And it was at this point, as I was typing this, when I remembered the "Are you OK with a female doctor?" conversation.
Wednesday, 11 June 2008
This evening I've received one from Genes Reunited, the rather awkwardly named offshoot of Friends Reunited that promises to match me up with long-lost relatives rather than a whole bunch of blokes with whom I spent seven years failing to understand quadratic equations.
It's headed up with "(First name), was (grandfather's name) a veteran hero?" (Obviously there was real stuff where I've put the bracketed bits).
Well, that intrigued me. So I read on.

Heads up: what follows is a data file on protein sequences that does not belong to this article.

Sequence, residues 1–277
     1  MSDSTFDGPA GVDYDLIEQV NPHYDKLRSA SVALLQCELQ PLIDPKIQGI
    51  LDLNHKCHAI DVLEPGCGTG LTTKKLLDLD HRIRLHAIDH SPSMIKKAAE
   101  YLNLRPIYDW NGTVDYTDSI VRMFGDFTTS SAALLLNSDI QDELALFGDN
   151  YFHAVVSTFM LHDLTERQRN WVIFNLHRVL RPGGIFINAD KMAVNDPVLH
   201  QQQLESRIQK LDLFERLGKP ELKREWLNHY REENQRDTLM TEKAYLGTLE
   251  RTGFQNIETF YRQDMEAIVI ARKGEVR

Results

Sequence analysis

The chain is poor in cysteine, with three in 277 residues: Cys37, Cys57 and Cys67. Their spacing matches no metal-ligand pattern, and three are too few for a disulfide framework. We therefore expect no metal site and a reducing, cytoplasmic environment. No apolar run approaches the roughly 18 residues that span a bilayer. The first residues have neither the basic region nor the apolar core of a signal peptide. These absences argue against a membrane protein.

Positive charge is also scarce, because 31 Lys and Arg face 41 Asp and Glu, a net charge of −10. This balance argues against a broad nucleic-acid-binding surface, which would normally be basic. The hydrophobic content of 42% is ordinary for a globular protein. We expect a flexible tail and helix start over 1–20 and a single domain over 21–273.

"Did (grandfather's name) fight and die for his country? We have found clues to your ancestor (grandfather's name) in World War Two death records by matching people in your tree to official records."
Well, the dates might stack up. From memory granddad was born around 1915-ish which would have put him at the right age during World War Two, I guess. What else do the Genes Reunited people have to say?
"It's likely to be an emotional journey as you start uncovering how your ancestor met his fate during this truly global conflict."
Well, yes. I imagine it will be emotional. The emotion it's most likely to evoke is shock. My family are likely to be very shocked to learn about it.
Especially my grandfather, come to think of it, who's alive and well.